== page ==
On this image we see pedestrian crossing or cutting through a flyover Labyrinth in Shanghai. The spaces within these infrastructure nodes are often used in Chinese cities; you can find parks, skyscrapers and even tea-houses right under or next to them. Re-using these infrastructure in a green way would be as dramatic an urban shift as their construction or actual use.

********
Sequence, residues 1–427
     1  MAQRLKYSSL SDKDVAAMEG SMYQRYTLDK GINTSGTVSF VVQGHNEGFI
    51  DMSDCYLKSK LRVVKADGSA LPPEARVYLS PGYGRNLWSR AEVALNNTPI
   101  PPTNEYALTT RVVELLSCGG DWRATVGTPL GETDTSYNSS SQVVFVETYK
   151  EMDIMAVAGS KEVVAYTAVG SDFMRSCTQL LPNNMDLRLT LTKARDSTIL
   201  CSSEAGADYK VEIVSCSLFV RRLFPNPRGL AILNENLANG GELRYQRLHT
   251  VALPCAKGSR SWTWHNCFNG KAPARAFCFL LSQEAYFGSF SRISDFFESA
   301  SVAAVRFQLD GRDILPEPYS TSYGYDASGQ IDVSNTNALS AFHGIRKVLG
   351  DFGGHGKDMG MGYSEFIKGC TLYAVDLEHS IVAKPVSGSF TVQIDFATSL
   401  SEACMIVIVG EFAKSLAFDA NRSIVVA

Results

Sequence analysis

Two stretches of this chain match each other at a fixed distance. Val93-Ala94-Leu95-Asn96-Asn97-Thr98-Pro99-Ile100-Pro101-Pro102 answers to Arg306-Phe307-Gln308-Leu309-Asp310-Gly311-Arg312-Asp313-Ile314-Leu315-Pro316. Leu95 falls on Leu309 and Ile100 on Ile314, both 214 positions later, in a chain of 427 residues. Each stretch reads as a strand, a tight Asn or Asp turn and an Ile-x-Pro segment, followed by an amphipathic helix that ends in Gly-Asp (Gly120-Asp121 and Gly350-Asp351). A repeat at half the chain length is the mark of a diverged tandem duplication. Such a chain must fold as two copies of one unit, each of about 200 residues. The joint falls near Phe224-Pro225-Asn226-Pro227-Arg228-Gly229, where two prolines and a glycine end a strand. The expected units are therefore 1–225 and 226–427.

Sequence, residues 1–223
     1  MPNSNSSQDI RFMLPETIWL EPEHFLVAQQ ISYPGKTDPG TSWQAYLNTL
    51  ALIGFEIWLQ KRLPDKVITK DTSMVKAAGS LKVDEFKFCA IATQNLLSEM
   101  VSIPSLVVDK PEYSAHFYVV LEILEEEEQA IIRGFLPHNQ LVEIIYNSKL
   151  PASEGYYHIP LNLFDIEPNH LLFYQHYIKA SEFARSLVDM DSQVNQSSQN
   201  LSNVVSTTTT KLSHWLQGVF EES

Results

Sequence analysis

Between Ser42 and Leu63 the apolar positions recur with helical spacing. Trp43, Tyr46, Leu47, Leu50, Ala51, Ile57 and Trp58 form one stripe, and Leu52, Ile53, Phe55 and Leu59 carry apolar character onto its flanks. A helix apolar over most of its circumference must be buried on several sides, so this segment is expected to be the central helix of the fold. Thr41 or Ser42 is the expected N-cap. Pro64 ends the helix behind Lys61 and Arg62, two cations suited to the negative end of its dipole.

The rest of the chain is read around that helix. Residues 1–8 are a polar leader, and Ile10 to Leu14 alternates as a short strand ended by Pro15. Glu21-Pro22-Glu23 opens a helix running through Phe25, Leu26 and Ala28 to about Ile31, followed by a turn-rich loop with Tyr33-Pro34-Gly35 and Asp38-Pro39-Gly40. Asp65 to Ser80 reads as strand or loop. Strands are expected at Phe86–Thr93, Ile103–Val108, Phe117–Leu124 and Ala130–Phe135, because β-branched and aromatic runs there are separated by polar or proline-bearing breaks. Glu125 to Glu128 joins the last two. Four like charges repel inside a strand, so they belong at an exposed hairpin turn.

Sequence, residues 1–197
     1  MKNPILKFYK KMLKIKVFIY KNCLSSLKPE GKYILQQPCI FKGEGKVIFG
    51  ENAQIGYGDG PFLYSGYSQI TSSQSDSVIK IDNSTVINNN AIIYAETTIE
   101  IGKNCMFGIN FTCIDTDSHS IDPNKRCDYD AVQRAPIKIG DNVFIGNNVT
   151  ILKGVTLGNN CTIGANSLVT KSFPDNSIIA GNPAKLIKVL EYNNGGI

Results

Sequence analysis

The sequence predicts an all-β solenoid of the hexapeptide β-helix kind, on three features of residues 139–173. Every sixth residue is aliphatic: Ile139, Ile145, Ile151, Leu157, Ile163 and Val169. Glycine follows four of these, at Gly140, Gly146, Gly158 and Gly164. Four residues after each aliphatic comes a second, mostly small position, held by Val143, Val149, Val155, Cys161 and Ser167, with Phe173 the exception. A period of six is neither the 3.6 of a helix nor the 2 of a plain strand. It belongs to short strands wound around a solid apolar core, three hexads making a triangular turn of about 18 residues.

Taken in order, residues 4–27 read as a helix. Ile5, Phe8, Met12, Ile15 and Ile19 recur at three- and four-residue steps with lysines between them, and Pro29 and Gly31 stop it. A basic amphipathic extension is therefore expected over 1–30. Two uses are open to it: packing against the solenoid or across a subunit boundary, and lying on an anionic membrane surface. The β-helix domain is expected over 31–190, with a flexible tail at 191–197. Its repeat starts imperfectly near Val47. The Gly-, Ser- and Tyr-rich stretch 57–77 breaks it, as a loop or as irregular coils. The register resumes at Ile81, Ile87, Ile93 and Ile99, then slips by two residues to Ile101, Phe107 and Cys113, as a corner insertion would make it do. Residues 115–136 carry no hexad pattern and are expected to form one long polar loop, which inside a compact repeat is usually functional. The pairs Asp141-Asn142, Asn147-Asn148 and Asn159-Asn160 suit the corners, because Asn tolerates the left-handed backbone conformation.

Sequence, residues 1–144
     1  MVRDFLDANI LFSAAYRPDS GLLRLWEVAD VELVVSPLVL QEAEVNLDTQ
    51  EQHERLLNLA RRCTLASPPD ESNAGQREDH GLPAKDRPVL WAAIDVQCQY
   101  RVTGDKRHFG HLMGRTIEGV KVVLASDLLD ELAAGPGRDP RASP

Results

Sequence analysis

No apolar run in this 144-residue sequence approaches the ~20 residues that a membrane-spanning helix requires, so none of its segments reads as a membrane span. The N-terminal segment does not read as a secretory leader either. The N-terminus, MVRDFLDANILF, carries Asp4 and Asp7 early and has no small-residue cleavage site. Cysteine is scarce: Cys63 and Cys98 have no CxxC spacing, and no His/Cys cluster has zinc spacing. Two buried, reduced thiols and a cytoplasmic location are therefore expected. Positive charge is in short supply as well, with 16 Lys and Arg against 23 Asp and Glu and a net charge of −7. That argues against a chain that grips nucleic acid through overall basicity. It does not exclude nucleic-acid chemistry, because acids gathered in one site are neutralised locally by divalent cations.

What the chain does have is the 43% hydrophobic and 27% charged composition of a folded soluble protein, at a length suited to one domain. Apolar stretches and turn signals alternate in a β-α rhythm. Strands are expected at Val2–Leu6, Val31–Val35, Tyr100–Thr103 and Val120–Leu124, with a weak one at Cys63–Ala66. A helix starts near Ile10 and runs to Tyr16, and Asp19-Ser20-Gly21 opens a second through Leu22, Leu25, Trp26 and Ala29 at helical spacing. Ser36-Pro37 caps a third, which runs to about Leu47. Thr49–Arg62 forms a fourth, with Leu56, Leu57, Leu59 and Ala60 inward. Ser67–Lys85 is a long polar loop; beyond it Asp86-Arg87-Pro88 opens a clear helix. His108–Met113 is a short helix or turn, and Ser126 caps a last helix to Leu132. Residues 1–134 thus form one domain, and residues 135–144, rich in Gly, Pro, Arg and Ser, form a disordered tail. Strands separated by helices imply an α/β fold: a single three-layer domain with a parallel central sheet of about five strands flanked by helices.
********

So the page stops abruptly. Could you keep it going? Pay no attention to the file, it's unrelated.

Idea by

Antoine Struelens, Ally Steven Severi
Rurban Solutions
Chaussée d'Alsemberg, 604
Brussels
Belgium
Social geographer & entrepreneur Antoine Struelens owns bike service platform Molenbike & urban practice Rurban Solutions. His interests are mobility, public space, participatory planning, logistics & circular economy. He is Master in urban studies and Bachelor in history of art. Ally Steven Severi is a graphic designer and game developer from Brussels; he is a creative mind and is interested in the arts.